The turnout seemed to reflect this desperation and fear. Poll workers in at least 10 north Philadelphia precincts reported that their vote counts had exceeded 2012 levels. Republican Election Commissioner Al Schmidt told BuzzFeed News that the city, which is around 44% black, appeared to have “heavy turnout.” And while Hillary Clinton did not win as many votes in Philadelphia as Obama had in 2008 and 2012, she far surpassed the totals of John Kerry in 2004, by around 20,000 votes, and Al Gore in 2000, by around 100,000.

"The best turnout without Obama on the ballot that I've seen," said Phyllis Watson, a poll worker in north Philadelphia.

Black voters in Philadelphia did their part. But so did Trump’s mostly white supporters in much of the rest of the state, where turnout was also high.

Four days before the election, at a rally in Hershey, about 100 miles west of Philly, Trump supporters predicted that residents of the state’s Rust Belt and Coal Country, as well as many of its suburbs, would come out in full force, frustrated by “politicians who drop in, make promises, and then never show up again,” said Boris Poppoff, a retired coal miner and Vietnam vet.

"These people, they can sweep the streets, they can find something to do.”

“There’s enough anger amongst us working people,” Poppoff said. “We’ve had enough.”

Poppoff explained that the state was divided between “people like me who work for a living” and “a lot of the people in the cities,” where “people on welfare are gonna do what they can to keep the checks coming.”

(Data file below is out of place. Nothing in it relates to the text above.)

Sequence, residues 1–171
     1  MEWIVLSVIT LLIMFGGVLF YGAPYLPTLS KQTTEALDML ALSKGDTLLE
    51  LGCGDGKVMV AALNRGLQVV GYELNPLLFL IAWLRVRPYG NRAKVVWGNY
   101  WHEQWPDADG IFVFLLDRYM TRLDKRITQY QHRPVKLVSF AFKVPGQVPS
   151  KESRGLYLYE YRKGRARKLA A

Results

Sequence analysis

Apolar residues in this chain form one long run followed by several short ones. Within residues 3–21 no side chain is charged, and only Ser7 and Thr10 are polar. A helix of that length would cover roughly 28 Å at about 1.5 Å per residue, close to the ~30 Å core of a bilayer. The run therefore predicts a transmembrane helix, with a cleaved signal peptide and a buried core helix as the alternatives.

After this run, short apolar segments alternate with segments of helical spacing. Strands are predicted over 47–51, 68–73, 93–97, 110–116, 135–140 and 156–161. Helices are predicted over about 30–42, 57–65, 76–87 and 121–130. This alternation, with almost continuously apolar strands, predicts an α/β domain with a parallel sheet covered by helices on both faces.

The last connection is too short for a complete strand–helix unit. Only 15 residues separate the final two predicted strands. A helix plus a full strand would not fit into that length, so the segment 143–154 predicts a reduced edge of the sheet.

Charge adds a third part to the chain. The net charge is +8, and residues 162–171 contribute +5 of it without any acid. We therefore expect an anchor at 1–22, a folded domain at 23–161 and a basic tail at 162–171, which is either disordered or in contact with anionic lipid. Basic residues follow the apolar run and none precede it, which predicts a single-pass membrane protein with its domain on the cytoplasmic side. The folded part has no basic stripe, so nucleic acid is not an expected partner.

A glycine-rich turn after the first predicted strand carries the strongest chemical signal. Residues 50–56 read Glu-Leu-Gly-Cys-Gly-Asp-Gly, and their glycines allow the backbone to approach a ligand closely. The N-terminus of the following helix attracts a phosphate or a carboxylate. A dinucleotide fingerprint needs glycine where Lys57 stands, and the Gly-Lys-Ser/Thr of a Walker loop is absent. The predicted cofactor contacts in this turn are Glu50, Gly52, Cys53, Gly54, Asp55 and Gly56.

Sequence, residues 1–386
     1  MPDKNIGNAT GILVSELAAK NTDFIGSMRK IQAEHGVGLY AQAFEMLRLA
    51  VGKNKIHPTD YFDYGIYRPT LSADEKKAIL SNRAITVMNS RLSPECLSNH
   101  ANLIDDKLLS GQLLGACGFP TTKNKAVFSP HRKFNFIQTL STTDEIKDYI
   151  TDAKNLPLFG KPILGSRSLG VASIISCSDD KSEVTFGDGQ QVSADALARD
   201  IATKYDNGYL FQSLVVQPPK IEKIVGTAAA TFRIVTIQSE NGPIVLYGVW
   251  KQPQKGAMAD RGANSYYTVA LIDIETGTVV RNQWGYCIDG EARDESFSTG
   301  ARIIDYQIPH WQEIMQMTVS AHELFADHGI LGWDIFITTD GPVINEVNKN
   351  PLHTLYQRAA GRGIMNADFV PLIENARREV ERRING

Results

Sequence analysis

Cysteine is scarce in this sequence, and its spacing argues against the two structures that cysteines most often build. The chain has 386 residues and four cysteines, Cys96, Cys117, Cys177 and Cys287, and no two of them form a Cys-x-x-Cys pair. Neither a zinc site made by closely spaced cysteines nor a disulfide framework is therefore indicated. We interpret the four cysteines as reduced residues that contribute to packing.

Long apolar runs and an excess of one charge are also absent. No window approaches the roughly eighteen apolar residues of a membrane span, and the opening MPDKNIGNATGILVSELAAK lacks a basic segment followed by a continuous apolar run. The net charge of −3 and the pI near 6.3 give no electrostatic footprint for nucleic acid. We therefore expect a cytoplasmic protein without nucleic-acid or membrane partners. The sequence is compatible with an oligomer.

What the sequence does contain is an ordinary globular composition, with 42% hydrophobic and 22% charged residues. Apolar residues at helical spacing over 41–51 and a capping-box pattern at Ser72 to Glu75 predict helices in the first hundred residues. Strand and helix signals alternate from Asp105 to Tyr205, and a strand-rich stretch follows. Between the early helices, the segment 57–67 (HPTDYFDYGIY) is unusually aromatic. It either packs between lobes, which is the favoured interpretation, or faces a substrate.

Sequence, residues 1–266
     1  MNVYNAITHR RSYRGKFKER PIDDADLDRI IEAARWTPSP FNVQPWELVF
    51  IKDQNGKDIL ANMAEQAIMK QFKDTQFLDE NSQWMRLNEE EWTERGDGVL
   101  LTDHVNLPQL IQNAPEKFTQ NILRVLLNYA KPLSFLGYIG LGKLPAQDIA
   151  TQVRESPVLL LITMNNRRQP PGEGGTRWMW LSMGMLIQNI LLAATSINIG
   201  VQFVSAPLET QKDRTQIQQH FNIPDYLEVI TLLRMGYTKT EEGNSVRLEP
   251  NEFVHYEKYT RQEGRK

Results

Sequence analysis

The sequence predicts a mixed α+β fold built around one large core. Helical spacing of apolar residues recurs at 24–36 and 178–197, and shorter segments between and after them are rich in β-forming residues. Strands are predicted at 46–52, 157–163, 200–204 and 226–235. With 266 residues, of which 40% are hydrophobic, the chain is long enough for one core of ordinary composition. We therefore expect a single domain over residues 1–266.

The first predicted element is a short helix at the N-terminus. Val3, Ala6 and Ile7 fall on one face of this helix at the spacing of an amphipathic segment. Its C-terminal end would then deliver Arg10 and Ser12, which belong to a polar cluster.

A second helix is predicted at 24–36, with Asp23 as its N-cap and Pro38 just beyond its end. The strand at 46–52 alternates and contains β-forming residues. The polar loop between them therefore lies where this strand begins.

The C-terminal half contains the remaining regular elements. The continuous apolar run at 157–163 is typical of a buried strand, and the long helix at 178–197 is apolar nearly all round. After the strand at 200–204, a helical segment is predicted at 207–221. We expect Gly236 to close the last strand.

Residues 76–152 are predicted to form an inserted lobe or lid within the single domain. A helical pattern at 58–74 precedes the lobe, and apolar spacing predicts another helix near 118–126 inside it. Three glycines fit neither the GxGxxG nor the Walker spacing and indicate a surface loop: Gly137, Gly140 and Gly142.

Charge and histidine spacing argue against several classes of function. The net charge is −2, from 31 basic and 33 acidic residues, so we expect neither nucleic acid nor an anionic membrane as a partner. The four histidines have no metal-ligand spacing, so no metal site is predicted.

“These people, they can sweep the streets, they can find something to do,” he said.

Poppoff and others at the rally said that they were confident that Trump would win because they had seen enthusiasm for him that they had never seen in any previous candidate. They cited the signs they saw across the state and the large audiences at his rallies. “Every person I talk to is for Trump,” said Debra Kimsal.

They were proven right on Tuesday, to the shock of Clinton supporters in north Philadelphia.

"How can this country elect a person who is so abusive to women, so disrespectful to women?" said Barnes Cousins, who is 50 and unemployed, as he stood outside a fast-food joint in north Philly. "And he does all that on national television where children can see!"

As Cousins spoke, a woman walking past overheard him talking about Trump.

"Fuck Trump!" she shouted without slowing her stride. "Fuck him! Fuck him! Fuck him!"

The way some black residents here saw it, Trump’s victory was simply the latest in a long series of setbacks. And for some, this history had steeled them with a deep resolve.

"We've bounced back before," said Charles Williams, a 57-year-old mechanic. "We've been oppressed. We've been slaves. We've been lynched. We've been sicked on with dogs. We've seen a lot of bad things happen in this country. Still gotta show up the next day and keep going."

"They've taken shit from us before," said Johnson. “We just gotta keep doing like we've been doing."

This resolve, Johnson acknowledged, would be tested by the fear that had been embedded deep within the minds of many black and brown Americans.

Before night fell on Election Day, three girls, two 9 year olds and a 10 year old, passed the polling place at the Raymond Rosen Manor Community Center in north Philadelphia on their way home from school.

"If Trump wins we not gonna have any clothes to wear," one girl said, her face serious. "We're gonna have to wear trash bags."

"Are we still gonna have food?" said another girl.

"I dunno."


Hillary Clinton won fewer votes in Philadelphia than Barack Obama won in 2012. A previous version of this article erroneously stated that she exceeded his total by 3,000.